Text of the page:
At this open-air church, where worshippers were instructed to bring their hymnals and to pack a lunch for the long day outdoors, Frank learned that the Bible’s exact words were truth, that dancing and drinking were sins, that homosexuality was perversion, that evolution lied about the origins of man, and that segregation honored Christ. He took those lessons to school, miles away from home. He took them into his heart, when he did his chores on the family’s horse farm. He took them into the woods, where sometimes he would shirk his chores to wander and hide among the sweet gum trees.
Frank was good at hiding. Frank’s father and mother never knew he was gay, and other than his closest sister, no one else in the family did either. Some may have suspected when he enrolled at Bob Jones University, in far-off South Carolina, but homosexuality did not exist at the evangelist college, at least not officially. Frank coded himself and played the part of a righteous Christian soldier; he tamed his wavy brown hair, put on a sober blue blazer, and offered a thin smile for his freshman class photo.
After a year, he refused to go back to the school. His sister Pate says he never returned because he didn’t like it. He had plenty of reasons not to: Bob Jones’s form of religion was filled with hate and had taught Frank that he was sinful and wrong. Rather than return, he began a journey toward acceptance, like the one so many queer Southerners would make, a coming-out that would take him from the rural world he had known all his life to a place with a blank future, one ripe for imprint. He enlisted in the Air Force and left Sweet Gum Head for good, destined to become a different kind of zealot in a different kind of church.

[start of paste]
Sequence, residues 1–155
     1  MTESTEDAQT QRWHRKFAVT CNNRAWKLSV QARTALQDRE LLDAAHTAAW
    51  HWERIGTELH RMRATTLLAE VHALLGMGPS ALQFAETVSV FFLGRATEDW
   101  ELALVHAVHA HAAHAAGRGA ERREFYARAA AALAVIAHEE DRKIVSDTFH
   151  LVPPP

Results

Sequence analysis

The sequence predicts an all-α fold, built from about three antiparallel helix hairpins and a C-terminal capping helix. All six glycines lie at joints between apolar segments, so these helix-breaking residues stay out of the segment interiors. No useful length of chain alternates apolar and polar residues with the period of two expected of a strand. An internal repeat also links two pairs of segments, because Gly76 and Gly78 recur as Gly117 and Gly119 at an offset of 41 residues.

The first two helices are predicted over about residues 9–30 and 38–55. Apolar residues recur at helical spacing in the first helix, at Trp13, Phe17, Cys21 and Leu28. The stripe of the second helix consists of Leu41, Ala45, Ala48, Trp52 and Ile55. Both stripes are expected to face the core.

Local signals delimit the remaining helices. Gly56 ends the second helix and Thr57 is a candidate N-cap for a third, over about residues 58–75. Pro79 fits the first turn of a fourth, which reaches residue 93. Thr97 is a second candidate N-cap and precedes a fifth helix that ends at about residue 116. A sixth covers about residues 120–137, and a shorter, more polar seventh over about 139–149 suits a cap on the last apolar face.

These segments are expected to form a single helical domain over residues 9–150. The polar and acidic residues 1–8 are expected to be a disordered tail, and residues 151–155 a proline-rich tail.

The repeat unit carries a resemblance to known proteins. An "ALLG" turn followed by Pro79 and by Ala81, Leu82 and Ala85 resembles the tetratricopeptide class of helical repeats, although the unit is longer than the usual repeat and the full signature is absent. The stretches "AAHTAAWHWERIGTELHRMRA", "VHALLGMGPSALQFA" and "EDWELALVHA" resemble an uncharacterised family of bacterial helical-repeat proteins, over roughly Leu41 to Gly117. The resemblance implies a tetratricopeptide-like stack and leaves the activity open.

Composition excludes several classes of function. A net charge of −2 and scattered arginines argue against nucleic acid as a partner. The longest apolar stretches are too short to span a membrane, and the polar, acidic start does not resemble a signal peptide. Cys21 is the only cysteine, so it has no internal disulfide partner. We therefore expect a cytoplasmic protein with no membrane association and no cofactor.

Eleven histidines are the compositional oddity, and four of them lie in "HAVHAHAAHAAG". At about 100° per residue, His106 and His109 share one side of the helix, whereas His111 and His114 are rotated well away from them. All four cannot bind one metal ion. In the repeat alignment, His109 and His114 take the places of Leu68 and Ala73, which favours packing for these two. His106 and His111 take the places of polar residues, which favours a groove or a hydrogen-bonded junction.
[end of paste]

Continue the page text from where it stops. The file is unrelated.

Sweet gum trees bud late, but they make up for lost time. They set autumn fire to the South, torch it with orange and red and golden leaves, then shower the ground with spiky fruit. The heavily armored sweet gum balls protect their seeds through winter, then break open to let their offspring take wing.
Today, I venture proudly and safely into the straight world outside the confines of bars and clubs once designated specifically as “gay” spaces. I can be free. This wouldn’t have been the case a generation ago. Within my lifetime, queer behavior has put people in jail, in exile, and in danger. For many who faced their truth in the decade before Stonewall, often the only safe choice was to leave the small towns where they were shamed and muted and to run away to cities—though even in Atlanta, a town with well over a half million people in 1960, the year Frank arrived, gay bars were dangerous and illicit places. When he moved to Atlanta, Frank found a few places where gay men and women could discreetly discover each other, but it was no New York. It wasn’t even like Kansas City, where he moved after leaving Florida and learned the bar business at the Red Head Lounge, a place coded for its appeal to “particular people.”
A relatively progressive oasis surrounded by ultra-conservative mores, Atlanta didn’t yet have a single skyscraper in the early 1960s; it had onerous sodomy laws and a double standard where heterosexuals regularly “watched the submarine races” at Piedmont Park after dark while queers were harassed for walking there in daylight. Atlanta police once set up a two-way mirror in the men’s restrooms at the public library and arrested dozens for sodomy. Authorities would publish names in the paper, punish some with fines, even send them into exile.
Though other medieval rules applied—back then, Georgia outlawed any sexual intercourse outside of marriage—Atlanta still bloomed as a gay capital. It had a handful of bars that went discreetly gay after dark and a few risky drag shows. Frank skipped from bartending at Piccolo’s Lounge to managing the Joy Lounge, where he hired female impersonators who had to wear two pieces of men’s clothing or face arrest for disorderly conduct or for “masking,” a charge written into law during the resurgence of the Ku Klux Klan. When the police swooped in, drag queens would run and hide in the Joy Lounge’s cold storage.